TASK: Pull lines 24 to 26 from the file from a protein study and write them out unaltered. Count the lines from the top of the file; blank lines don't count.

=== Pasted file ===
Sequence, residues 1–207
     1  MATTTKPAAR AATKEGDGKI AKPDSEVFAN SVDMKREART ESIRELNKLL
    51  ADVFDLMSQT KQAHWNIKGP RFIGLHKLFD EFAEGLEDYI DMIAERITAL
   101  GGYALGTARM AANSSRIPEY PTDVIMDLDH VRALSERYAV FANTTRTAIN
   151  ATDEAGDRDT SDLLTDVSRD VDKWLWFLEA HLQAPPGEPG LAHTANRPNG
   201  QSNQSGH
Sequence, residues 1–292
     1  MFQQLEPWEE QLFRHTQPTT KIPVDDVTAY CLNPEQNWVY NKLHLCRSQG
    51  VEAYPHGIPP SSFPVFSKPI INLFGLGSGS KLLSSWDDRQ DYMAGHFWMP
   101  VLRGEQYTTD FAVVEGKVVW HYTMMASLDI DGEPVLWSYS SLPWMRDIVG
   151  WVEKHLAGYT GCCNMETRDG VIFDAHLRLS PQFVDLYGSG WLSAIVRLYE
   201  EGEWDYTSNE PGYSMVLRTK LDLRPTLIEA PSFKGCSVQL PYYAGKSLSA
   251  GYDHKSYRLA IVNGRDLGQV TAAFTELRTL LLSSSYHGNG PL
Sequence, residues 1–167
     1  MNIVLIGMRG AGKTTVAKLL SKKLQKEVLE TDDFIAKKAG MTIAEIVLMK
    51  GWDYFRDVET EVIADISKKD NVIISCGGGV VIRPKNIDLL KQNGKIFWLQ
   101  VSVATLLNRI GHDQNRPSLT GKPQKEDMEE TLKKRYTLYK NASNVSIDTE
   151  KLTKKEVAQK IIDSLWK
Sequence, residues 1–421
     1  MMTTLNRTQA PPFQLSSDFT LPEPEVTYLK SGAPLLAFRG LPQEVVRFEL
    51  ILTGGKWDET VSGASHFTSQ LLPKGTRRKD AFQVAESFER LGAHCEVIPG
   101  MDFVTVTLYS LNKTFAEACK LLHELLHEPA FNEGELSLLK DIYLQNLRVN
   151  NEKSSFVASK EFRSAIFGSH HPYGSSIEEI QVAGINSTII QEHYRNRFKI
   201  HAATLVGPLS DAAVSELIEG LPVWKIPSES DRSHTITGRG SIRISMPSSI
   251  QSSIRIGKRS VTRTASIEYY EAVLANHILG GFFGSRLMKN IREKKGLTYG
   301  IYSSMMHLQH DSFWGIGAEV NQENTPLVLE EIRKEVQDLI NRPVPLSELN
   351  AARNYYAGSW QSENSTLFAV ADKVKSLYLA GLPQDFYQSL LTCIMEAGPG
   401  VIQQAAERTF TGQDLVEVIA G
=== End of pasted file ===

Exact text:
   201  HAATLVGPLS DAAVSELIEG LPVWKIPSES DRSHTITGRG SIRISMPSSI
   251  QSSIRIGKRS VTRTASIEYY EAVLANHILG GFFGSRLMKN IREKKGLTYG
   301  IYSSMMHLQH DSFWGIGAEV NQENTPLVLE EIRKEVQDLI NRPVPLSELN